Fayetteville budget guidance to staff remains murky

Fayetteville City Council members at a work session. (L-R) Ed Johnson, Mayor Greg Clifton, Scott Stacy, Paul Oddo and Jim Williams. Photo/Ben Nelms.

It was supposed to be a budget work session to give Fayetteville financial staff guidance on the FY 2015 budget expected to receive a vote on July 17. But in the end, the July 10 work session of the Fayetteville City Council provided no direction. Two on the council spoke against a proposed millage rate increase while two were in favor of the measure, but there was no consensus on how to continue. That left finance staff with no indication how they might adjust the budget in a way that would pass muster.

Council members at the called meeting set out to review the proposed $10.4 million general fund budget. The proposed FY 2015 budget shows $10.4 million in revenues, with $171,469 of that amount coming from a proposed .25-mill increase.

The overall assumptions for the budget include adding 11 new council-requested positions, including four police officers and three firefighters, along with maintaining appropriate levels of both restricted and unassigned fund balance, increasing employees salary rates by 2.4 percent and funding the Ga. Highway 92/Hood Avenue project additional cost from the unassigned fund balance. The council is also considering increasing building permit fees and increasing the water and sewer rate by 2.4 percent to reflect the Consumer Price Index.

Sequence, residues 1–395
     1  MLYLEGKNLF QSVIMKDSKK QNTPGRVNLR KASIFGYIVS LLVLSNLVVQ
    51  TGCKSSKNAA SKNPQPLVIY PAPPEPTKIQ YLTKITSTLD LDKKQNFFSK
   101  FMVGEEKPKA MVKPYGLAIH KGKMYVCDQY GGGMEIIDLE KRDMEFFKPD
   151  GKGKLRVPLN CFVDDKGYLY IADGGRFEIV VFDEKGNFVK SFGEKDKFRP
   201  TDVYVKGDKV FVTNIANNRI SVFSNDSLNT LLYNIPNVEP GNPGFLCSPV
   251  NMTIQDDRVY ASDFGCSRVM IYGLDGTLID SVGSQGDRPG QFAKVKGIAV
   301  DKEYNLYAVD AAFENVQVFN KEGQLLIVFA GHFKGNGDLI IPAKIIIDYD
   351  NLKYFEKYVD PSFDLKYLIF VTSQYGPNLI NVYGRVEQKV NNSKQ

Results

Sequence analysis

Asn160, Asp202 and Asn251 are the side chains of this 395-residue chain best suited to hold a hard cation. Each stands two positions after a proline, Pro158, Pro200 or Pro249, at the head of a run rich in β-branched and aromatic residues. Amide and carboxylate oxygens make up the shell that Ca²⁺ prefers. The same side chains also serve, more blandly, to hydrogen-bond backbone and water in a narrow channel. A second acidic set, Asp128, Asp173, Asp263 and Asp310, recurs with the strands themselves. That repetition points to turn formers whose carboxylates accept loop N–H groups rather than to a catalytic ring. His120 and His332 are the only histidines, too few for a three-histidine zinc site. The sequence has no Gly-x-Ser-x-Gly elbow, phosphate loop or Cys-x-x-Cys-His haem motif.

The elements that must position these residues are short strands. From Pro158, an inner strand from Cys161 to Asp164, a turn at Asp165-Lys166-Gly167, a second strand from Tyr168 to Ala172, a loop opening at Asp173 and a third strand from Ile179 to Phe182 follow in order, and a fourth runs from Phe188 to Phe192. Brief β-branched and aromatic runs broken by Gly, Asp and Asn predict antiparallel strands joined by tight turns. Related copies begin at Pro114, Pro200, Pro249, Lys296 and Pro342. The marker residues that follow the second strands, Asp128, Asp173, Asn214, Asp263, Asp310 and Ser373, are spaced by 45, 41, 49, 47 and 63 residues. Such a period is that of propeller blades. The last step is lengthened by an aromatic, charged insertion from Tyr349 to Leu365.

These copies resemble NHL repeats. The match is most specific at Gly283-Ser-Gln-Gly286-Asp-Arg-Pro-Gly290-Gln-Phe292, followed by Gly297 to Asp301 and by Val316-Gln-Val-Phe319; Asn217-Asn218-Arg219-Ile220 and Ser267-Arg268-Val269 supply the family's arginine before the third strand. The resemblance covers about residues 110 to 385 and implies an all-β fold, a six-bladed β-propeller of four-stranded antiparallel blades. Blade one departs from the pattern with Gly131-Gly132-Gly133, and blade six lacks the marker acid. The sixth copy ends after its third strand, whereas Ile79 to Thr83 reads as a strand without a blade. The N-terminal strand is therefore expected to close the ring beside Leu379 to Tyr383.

Also in play is a proposed .5-mill increase in the Capital Improvement Program (CIP) fund with a proposed budget totaling $1.698 million, of which $923,720 is generated from local taxes. Of that amount, $342,938 would come in the form of a .5-mill tax increase. Nearly $540,000 would go for police cars, equipment and other law enforcement operations and support services. The remainder would see $200,000 to resurface North Jeff Davis Drive, $60,000 to replace to fire department vehicles, $70,000 for buildings and inspections, $30,000 to replace a truck at public works and $25,000 to paint the interior at City Hall.

The increases in the general fund and CIP millage rates would cost the average homeowner approximately $60 in higher taxes on a $200,000 home.

The consensus, or more to the point the lack of it, amounted to a split among council members on which way to proceed. Councilman Ed Johnson was in favor of the staff proposal and Councilman Scott Stacy said he would support it because city staff and public safety benefitted. Mayor Greg Clifton was in favor of the proposal though the mayor can vote only to break a tie once the matter comes up for that vote on July 17.

Councilman Mickey Edwards was unable to attend the meeting.

Councilmen Paul Oddo and Jim Williams were opposed to the recommended budget, with both citing the need to reduce expenditures in other budget areas to offset the need to increase the millage rate.

Oddo said the 2.4 percent pay increase to city staff could be removed from the budget and, if conditions warranted, the council could reassess the idea of phasing in increases during the year.